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Weakening US dollar could spark major change in gold market

Ahmed-Bin-Sulayem,-Executive-Chairman,-DMCC

By Ahmed Sultan bin Sulayem, executive chairman at DMCC, the UAE’s fastest-growing and largest free zone.

December 15, 2013 2:04 by



Year to date, the average gold price is $1,452/oz, which is 13 per cent less than the average peak price in 2012 ($1,669/oz). With the current global economic volatility, there is no consensus on the future direction of gold prices, with some analysts predicting a return to 2012 highs, while others see a continued decline.

On April 15, gold prices fell by 9.3 per cent to $1,180 – the biggest two-day drop in more than 33 years – caused by investors seeking to move their holdings to other assets with higher yields. Changes such as this have increased attention to the volatility of gold and the role that investment demand plays, accounting for more than 40 per cent of total gold demand.

One significant trend that has been largely ignored in the past is the effect that a weakening dollar could have on gold prices. According to a Bloomberg report, over the past five weeks, compared with ten major traded currencies (including CHF, GBP, EUR etc), the US dollar has fallen continuously, heralding the longest stretch of decline since April 2011.

Gold prices are approximately 1.4 per cent down over the past 60 days in dollar terms. However, gold is between three per cent to five per cent down in other currencies – ie CHF, GBP, EUR (source: Kitco). The major cause for this can be attributed to the lack of tapering of the US government’s quantitative easing programme, as well as the shutdown of the US congressional committee and part of the government’s executive arm.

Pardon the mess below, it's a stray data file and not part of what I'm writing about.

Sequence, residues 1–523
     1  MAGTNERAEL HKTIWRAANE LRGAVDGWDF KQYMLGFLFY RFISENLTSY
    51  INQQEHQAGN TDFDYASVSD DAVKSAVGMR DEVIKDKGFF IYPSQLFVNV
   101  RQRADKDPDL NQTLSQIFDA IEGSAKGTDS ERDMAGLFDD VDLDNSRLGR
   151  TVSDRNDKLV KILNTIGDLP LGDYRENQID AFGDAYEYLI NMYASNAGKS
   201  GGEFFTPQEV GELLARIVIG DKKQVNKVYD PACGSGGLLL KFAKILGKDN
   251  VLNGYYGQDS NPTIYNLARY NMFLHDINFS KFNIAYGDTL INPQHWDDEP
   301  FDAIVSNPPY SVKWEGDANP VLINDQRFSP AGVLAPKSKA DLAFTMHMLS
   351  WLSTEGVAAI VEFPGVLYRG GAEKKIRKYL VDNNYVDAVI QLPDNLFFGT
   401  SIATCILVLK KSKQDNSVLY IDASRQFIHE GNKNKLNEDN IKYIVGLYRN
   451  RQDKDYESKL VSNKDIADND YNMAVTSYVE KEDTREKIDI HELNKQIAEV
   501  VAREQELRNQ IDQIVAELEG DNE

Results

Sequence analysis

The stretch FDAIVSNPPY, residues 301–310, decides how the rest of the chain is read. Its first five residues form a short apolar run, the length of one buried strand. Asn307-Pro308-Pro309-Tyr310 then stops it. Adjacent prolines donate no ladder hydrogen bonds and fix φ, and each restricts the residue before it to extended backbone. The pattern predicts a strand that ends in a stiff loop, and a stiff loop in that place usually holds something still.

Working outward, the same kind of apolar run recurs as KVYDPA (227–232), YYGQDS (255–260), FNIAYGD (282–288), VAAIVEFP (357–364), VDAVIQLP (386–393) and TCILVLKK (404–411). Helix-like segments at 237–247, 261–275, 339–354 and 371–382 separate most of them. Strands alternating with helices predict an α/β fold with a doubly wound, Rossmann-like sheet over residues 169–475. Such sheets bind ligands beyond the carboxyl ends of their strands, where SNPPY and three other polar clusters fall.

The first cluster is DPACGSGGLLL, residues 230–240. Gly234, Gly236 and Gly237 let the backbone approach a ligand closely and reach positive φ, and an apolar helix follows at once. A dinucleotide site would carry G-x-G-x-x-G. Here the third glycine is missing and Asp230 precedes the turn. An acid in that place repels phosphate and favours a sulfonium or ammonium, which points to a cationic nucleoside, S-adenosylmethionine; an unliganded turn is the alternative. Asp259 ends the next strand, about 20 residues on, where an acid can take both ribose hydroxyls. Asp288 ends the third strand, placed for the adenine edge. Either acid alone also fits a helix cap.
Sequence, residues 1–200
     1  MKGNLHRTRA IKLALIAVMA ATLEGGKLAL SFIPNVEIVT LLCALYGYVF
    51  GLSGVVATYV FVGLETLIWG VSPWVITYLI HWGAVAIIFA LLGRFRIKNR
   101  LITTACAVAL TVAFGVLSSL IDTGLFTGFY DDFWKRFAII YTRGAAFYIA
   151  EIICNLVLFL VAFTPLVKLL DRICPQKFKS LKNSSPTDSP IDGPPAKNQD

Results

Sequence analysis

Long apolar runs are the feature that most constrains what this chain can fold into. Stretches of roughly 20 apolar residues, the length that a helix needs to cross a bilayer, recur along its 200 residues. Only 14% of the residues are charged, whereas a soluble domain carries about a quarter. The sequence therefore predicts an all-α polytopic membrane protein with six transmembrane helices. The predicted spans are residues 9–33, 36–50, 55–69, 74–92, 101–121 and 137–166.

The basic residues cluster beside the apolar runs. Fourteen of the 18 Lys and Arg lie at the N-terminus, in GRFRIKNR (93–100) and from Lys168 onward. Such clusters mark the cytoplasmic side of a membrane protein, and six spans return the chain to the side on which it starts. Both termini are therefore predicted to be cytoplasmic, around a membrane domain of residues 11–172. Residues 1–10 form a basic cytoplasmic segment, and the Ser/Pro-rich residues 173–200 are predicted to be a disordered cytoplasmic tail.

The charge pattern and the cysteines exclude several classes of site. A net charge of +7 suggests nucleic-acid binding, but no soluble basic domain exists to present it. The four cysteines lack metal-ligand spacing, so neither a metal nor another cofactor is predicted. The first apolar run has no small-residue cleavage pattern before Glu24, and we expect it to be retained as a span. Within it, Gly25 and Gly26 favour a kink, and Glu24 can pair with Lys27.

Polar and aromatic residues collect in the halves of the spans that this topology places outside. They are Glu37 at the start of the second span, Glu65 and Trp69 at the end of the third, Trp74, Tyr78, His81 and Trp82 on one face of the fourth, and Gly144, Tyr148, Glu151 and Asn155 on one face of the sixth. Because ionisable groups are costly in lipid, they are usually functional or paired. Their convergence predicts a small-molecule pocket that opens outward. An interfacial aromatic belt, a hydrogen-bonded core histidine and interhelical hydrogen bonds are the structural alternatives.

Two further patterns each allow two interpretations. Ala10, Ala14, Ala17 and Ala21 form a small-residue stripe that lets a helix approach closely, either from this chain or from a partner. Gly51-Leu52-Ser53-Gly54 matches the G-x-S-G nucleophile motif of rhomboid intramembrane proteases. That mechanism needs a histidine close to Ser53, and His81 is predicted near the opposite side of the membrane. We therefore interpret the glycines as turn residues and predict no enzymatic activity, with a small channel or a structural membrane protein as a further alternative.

In the short term, traders will hedge their exposure to foreign exchange volatility, but what would happen if traders take a long-term view that the dollar will continue to depreciate against other major currencies? Gold consumption is now dominated by Asia and global traders selling into these markets could look for other currencies to gain value from the relative strengthening of a currency against the dollar.

In the UAE, traders can gain exposure to other currencies through the Dubai Gold and Commodities Exchange, which offers currency pairings for most major currencies. If the US government fails to reach an agreement on raising its debt ceiling or fails to show signs of stabilising its monetary issues, we could see significant changes, as traders may find trading gold in other currencies more attractive. Of course, the dollar is not living in a bubble and reactions to economic conditions in other major markets will continue to play a role. Perhaps, for the first time since the Nixon Shock in 1971, the US dollar value could be an issue in the development of the gold market.



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